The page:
o Only 42% of mothers use any form of postnatal care after giving birth. Maternal mortality is gradually improving from 437 in 1992-1993 to 301/100,000 live births. Maternal mortality in India is not uniform. High maternal mortality is concentrated among the EAG states of Bihar, Jharkhand, Madhya Pradesh, Chhattisgarh, Rajasthan, UP, Uttaranchal, Assam and Orissa.

The overall average rate of decline in the MMR in the period 1997-2003 was 16 points per year. At this rate of decline, it may be difficult to achieve the MDG of 109 by 2015. Under prevailing conditions, the MDG by 2012 would be around 231.

They give us the impression that while we are moving in the right direction, progress is slow, and much more needs to be done, and at a much faster pace, to prevent mothers from dying and living with childbirth-related problems.

The main causes of maternal mortality are excessive bleeding during childbirth (generally among home births), (38%) obstructive and prolonged labor, (5%) infection/sepsis (11%), unsafe abortion, (8%) disorders related to high blood pressure (5%) and other conditions including anemia. (34%). Forty-seven percent of maternal deaths in rural India are attributed to excessive bleeding and anemia due to poor nutritional practices. Intermediate causes of the first and second delays in seeking care include women’s low social status, lack of awareness and knowledge at the household level, insufficient resources for seeking care, and poor access to quality health care. The causes of the third delay are premature diagnosis and treatment, poor skills and training of care providers, and prolonged waiting time in facilities due to lack of trained staff, equipment and blood. There are insufficient facilities for antenatal care and more than half of all births are still conducted at home, very often by untrained assistants. The association between pregnancy-related care and maternal mortality is well established.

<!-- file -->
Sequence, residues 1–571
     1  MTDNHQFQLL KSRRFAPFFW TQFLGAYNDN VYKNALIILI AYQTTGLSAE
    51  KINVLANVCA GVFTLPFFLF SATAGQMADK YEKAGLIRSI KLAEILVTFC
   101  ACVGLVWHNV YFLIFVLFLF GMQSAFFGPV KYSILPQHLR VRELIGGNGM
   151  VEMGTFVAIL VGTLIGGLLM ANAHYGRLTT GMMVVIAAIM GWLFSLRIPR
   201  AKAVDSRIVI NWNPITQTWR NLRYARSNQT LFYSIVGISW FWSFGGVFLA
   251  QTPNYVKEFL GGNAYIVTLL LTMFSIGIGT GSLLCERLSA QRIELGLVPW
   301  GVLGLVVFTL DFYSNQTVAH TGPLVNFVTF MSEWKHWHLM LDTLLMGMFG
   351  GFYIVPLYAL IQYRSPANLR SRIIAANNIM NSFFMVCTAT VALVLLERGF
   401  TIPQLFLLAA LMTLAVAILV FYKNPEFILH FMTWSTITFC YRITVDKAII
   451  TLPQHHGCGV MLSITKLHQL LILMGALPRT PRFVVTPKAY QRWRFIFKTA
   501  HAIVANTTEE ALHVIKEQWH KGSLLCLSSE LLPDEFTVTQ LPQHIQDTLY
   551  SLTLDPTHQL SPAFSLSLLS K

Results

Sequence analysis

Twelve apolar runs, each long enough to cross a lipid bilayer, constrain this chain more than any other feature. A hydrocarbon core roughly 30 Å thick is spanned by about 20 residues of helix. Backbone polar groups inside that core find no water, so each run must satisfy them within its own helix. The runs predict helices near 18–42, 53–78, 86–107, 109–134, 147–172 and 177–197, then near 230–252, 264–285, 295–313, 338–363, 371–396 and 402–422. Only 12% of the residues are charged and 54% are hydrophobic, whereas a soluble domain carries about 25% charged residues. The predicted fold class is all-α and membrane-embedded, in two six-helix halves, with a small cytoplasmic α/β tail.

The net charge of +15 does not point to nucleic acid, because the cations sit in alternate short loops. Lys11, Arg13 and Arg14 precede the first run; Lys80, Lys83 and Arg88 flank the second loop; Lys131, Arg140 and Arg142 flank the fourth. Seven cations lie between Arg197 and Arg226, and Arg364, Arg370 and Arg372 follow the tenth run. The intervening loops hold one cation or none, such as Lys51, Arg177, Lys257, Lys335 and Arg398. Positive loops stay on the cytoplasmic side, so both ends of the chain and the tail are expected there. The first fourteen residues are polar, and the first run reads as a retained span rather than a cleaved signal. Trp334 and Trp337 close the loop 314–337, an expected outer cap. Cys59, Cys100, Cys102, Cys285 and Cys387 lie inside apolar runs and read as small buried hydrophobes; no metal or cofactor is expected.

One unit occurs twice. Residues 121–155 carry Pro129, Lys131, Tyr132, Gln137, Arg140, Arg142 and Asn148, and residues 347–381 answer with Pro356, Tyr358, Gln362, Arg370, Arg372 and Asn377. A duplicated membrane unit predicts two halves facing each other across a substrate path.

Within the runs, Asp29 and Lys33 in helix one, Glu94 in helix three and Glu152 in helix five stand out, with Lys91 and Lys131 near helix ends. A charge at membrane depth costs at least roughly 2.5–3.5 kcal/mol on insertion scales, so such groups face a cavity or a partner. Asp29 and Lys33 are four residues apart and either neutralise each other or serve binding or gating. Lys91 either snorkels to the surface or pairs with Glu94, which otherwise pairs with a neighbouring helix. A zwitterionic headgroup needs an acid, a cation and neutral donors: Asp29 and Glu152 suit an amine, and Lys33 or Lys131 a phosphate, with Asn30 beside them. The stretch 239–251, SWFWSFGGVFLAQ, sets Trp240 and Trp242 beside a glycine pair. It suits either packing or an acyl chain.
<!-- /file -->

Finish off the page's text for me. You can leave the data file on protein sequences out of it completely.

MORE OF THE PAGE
National programs and plans have emphasized the need for universal screening of pregnant women and the implementation of basic and emergency obstetric care. Focused prenatal care, birth preparedness and preparedness for complications, skilled birth attendance, care during the first seven days and access to emergency obstetric care are factors that can help reduce maternal mortality. One of the main objectives of the Indian Ministry of Health and Family Welfare is to reduce maternal mortality and morbidity. The focus has shifted from individualized interventions to attention to reproductive health care, which includes skilled delivery care, operationalization of referral units, and 24-hour delivery services in primary health centers. and inauguration of Janani Suraksha Yojna (National Maternity Benefit Scheme). The program to participate in the same program is Rural Health Mission in EAG states and RCH II in other states.

If India is to achieve Millennium Development Goal 5 (MDG 5) by 2015, in addition to providing universal emergency obstetric care to every pregnant mother in need, it will have to tackle critical social and economic factors such as the low status of women, poor understanding by many families about health care, the cost of such care and also the low standard

The strategies to be adopted are

o Strengthen inclusion. Two important groups—poor women and adolescents—need to be directly involved in reproductive health services through geographic and household targeting and clearly focused outreach. Social and gender sensitivity among providers, managers and policy makers is necessary to achieve this inclusion, as well as the supply and demand improvements outlined below.

o Improve supply. Improving service offerings for all stages of the reproductive life cycle, for which integrating a core package and providing a client-centred continuum of care is a good approach. Four services have been particularly neglected and require further attention in this context: combating unsafe abortion, nutritional counseling and care, postnatal care and diagnosis and treatment of RTI/STI. Improving the availability and quality of female frontline health workers through recruitment and/or contracting, training, field support, and performance-based incentives would help meet many needs, while contracting for services and other client/provider payment systems could increase availability. care for poor women.

o Increase demand. Increase demand for several services that are provided but underutilized such as ANC, IFA, institutional delivery and family planning (although supply may be limited in some areas). In addition to ‘behaviour change communication’, demand-side financing is important to achieve this goal.

o Healthcare reform for reproductive health. As reforms are underway in the health sector, the provision and financing of reproductive health services deserves special attention. Reforms are needed in three areas in particular to support the above-mentioned approaches to improving reproductive health. Decentralized planning and resource allocation, human resource development, and improved financing are important for implementing targeting, integrating services, improving supply, client focus, demand generation, and effective outreach.